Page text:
Bacteria in the gut have a powerful influence on our health, in part because all of those microbes have genes of their own, and they can produce and release bacterial proteins that may act on human cells. Scientists have now characterized an enzyme made by gut bacteria that can remove sugar molecules from the protective mucus lining the gut, enabling the microbes to consume those sugars.
This work, which was reported in Nature Communications, may also have identified a marker of intestinal disease. The enzyme that was studied has a unique mechanism, making it useful as a diagnostic tool.
Cells in the gut constantly generate mucin, which is a major part of mucus. The layer of mucus in the gut acts as a critical barrier that shields the body from the trillions of microbes there; it inhibits inflammation and infection in gut epithelial cells that would otherwise be caused by the presence of all those microorganisms. Mucins can contain sugar molecules called glycans, which gut bacteria trim off and can then use for energy. The researchers found that an enzyme that resides on the surface of some bacteria trims part of the mucin way, and the microbes can consume it.
"Mucus is structured a bit like a tree, with lots of different branches and leaves. Lots of the enzymes discovered so far might clip away some of the leaves to eat, but the enzyme we studied will clip away a whole branch - that's quite a distinctive mechanism and it gives us a useful biomarker for studying disease," explained the lead researcher, Dr. Lucy Crouch of the University of Birmingham's School of Biosciences.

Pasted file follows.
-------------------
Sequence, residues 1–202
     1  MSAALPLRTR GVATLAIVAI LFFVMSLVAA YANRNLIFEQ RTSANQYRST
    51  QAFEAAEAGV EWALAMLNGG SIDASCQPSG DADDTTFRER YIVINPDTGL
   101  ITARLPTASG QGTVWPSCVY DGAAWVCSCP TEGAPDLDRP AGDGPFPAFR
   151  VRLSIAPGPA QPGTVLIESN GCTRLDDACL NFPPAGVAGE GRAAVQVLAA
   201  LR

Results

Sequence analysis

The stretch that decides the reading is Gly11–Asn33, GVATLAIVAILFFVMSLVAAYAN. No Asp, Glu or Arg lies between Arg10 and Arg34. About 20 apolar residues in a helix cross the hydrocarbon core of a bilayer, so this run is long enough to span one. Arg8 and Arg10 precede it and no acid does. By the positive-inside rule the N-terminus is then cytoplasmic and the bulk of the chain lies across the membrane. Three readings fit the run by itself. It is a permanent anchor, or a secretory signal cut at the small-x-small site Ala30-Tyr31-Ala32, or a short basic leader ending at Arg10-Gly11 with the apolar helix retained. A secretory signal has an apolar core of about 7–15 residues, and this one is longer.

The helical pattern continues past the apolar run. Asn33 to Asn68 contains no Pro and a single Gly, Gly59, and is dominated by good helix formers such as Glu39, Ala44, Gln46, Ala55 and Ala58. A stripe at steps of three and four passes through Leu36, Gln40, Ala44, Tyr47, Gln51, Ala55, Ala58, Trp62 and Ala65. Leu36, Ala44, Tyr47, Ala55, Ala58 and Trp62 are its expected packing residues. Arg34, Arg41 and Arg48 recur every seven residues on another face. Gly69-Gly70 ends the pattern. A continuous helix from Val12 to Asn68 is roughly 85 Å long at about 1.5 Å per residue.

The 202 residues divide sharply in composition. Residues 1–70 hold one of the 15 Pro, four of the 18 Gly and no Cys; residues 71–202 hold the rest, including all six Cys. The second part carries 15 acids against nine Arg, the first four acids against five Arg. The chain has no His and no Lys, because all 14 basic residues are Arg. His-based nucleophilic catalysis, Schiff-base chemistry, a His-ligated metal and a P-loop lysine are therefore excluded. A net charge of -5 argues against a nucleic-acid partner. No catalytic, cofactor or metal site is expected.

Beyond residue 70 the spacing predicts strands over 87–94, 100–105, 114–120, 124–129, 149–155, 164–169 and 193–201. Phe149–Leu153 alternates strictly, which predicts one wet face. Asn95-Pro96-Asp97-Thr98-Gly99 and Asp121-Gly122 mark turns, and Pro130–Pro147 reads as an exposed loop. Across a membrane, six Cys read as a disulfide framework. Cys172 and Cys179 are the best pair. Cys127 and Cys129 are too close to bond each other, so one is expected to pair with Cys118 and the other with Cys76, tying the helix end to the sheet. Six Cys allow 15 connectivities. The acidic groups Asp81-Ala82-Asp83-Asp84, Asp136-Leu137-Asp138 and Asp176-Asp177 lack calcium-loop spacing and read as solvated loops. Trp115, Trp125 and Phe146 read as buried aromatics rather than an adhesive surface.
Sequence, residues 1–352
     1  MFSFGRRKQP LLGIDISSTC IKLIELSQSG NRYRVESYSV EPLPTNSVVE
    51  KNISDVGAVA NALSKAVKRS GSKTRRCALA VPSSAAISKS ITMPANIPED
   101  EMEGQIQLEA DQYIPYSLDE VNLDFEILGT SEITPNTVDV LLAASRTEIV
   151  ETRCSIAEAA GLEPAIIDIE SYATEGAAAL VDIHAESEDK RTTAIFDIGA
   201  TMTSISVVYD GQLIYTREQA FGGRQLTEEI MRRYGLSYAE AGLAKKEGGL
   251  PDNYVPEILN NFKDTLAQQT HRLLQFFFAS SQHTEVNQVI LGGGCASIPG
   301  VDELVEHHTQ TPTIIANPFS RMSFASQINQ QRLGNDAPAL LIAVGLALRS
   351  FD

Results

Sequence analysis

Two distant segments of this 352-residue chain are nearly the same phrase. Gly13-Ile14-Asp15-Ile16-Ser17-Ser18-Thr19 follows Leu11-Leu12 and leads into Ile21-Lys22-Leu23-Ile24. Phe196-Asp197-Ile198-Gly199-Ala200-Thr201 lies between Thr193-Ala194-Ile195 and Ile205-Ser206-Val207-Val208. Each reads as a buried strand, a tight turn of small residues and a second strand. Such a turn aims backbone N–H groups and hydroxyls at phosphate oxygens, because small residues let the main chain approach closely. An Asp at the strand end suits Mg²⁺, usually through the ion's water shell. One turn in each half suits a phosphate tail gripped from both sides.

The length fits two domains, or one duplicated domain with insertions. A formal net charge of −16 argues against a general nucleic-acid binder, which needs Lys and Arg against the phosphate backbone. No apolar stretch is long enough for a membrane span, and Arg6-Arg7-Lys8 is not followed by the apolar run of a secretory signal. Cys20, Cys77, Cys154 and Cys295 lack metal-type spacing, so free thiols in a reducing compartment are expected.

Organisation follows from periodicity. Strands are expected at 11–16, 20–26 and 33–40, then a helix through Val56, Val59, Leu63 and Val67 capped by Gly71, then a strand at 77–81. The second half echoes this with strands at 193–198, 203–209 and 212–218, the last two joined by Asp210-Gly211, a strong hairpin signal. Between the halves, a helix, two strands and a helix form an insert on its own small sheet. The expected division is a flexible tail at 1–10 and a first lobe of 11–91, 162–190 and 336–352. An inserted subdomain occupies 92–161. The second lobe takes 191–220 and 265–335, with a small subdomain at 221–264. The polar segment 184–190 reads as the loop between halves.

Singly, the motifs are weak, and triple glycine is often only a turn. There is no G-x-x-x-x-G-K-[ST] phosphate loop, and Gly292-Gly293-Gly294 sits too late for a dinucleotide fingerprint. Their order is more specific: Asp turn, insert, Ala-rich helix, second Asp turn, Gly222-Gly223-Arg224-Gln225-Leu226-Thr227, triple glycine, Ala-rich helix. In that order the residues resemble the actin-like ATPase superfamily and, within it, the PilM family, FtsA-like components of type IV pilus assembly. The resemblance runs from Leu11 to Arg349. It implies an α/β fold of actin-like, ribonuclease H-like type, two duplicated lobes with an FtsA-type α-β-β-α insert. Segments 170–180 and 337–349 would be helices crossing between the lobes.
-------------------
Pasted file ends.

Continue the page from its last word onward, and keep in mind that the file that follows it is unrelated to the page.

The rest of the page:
Changes in mucin levels have already been linked to certain diseases, so it may be possible to do a biopsy to measure the levels of glycans in the gut. That information could be used to determine whether there is a risk of gut disease.
To learn about this process, the scientists looked at tissue taken from adults with colorectal cancer or ulcerative colitis and preterm infants with a serious gut inflammatory disorder called necrotizing enterocolitis in which the gut can begin to die.
The investigators also tagged the glycans with fluorescence to learn more about their structures.
"Although we still don't fully understand what the glycan structures are made from and how these vary between different tissue types, we can see that the differences in structure between health and non-healthy tissue [are] quite distinctive," said Crouch. "We hope to be able to use these enzymes to start producing better diagnostics for the very early stages of these diseases."